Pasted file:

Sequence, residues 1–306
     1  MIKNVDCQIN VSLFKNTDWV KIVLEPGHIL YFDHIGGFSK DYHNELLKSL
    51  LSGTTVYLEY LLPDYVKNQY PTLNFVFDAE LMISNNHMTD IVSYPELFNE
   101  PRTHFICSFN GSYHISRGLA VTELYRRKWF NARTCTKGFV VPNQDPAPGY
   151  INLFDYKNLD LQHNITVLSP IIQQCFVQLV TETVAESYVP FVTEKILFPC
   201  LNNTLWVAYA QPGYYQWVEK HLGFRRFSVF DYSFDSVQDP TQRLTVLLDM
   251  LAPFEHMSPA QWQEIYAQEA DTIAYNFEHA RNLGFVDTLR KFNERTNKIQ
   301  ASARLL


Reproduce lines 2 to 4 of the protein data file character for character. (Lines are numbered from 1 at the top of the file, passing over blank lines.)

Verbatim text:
     1  MIKNVDCQIN VSLFKNTDWV KIVLEPGHIL YFDHIGGFSK DYHNELLKSL
    51  LSGTTVYLEY LLPDYVKNQY PTLNFVFDAE LMISNNHMTD IVSYPELFNE
   101  PRTHFICSFN GSYHISRGLA VTELYRRKWF NARTCTKGFV VPNQDPAPGY